We’re not even into the second calendar year of the ConDem coalition – you remember, the one which said it would do better than New Labour on civil liberties? – and already things are threatening to become far worse than at any point in that period. The Metropolitan Police, ever trigger and truncheon-happy, is now threatening to ban protests:
Asked at the press conference if the Met would consider banning future marches, Sir Paul replied: “That’s one of the options we have got. Banning is a very difficult step to take, these are very balanced judgments.
“We can’t ban a demonstration but we can ban a march, subject to approval by the Home Secretary.”
But he went on: “When you have got people willing to break the law in this way, what is the likelihood of them obeying an order not to march or complying with conditions on a demonstration?
“Sometimes putting that power in could just be inflaming the situation further.”
Strange, that. He seems not to understand that it’s his force which has already inflamed the situation further. That his force, embarrassed by poor planning but surprisingly good policing of the first student protest, has now embarked on a vendetta against this country’s children and young people. Pre-emptive kettling (and lying about it)? Check. Hitting children and young people (not to mention kettling them) for no reason at all? Check. Running contained protesters (and others) down? Check. Baitvans? Check. Giving protesters brain injuries, then trying to deny them medical assistance? Check. Banning further protests would of bloody course inflame the situation further. The fucking idiot should be trying to defuse the situation, not make it worse.
He said public buildings and monuments in London, such as the Cenotaph, could be boarded up to protect them during future demonstrations, as happened ahead of May Day protests in recent years.
Sir Paul conceded the events are stretching his force’s capabilities, saying: “When you are putting 3,000 people out, not just on one day but a significant number of days, the consequences of that for the rest of the organisation are quite clear.”
He said he is “very worried” about the knock-on effect on securing neighbourhoods and town centres as hundreds of officers are redeployed to Westminster.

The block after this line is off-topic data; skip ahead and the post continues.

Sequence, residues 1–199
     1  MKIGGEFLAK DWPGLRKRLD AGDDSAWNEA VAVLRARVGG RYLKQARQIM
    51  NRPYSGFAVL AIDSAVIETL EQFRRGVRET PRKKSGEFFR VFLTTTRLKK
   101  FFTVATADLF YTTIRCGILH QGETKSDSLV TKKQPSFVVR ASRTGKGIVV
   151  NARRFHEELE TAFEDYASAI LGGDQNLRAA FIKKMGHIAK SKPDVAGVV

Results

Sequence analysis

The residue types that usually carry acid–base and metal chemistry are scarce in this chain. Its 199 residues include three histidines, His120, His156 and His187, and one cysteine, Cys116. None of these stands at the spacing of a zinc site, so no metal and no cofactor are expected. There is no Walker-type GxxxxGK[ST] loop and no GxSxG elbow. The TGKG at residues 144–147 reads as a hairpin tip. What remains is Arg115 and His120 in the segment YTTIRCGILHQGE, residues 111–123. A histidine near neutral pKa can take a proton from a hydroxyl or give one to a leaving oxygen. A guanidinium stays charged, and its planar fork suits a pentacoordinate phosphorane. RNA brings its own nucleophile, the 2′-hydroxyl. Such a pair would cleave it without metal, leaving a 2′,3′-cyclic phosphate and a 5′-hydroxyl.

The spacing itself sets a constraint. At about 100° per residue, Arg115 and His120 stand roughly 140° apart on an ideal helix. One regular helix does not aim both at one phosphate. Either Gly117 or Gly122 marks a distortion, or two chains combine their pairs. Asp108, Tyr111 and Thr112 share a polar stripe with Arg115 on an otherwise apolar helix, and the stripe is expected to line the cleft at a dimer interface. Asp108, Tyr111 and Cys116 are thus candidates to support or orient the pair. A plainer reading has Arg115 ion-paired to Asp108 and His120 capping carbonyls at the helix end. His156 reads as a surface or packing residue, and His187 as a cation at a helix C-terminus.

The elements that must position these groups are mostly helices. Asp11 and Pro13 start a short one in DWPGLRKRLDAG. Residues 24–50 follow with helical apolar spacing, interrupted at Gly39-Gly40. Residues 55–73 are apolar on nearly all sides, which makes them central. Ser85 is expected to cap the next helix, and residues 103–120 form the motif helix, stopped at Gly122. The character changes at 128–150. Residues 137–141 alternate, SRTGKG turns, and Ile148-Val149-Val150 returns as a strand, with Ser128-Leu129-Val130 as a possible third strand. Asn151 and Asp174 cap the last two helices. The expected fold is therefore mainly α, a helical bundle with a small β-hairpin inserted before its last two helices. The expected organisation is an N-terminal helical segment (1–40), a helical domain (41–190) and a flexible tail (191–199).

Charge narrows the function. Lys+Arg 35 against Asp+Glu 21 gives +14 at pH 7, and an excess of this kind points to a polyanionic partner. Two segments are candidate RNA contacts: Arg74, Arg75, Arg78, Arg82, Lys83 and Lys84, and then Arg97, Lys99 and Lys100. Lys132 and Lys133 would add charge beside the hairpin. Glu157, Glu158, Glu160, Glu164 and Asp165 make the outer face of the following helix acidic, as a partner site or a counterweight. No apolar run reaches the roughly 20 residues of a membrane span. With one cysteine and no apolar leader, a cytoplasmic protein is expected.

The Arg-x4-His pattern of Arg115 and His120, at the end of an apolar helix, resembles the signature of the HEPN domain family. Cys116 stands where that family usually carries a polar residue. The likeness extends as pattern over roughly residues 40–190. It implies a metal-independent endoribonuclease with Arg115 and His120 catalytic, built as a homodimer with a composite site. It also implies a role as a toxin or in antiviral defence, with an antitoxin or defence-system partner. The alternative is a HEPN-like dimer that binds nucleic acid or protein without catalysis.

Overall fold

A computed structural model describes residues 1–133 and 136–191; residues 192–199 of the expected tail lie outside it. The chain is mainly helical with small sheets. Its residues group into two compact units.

Sir Paul said he did not want a “paramilitary model” of policing in Britain but admitted a fresh review is taking place of whether or not water cannon should be used against rioters.
“I do not want to engage in an arms race, a knee jerk reaction to thugs and hooligans who do not know how to behave when they are accompanied by an overwhelming number who want to demonstrate peacefully.
“I am most reluctant to move towards this but at the same time we should keep everything under review.”
This is the man who the other day said protesters were lucky they weren’t killed by the police that day. I don’t believe a police commissioner in any Western city should be using such language or even suggesting using additional weaponry on protests which have been wholly legitimate; angry but legitimate. Blaming angry students for grievances shared by many more people than just them, overexaggerating the violence, dismissing the violence of his own people and justifying the tactics his Commander Bob Broadhurst thinks makes sense for policing large scale protests in London; this is a return to G20 style policing without a large scale outcry. In this grudge match he no longer seems to feel the need to justify his thugs not wearing their ID badges:
Does someone have to die again before this continued abuse of their role stops? And why is most of the press complicit in it this time?
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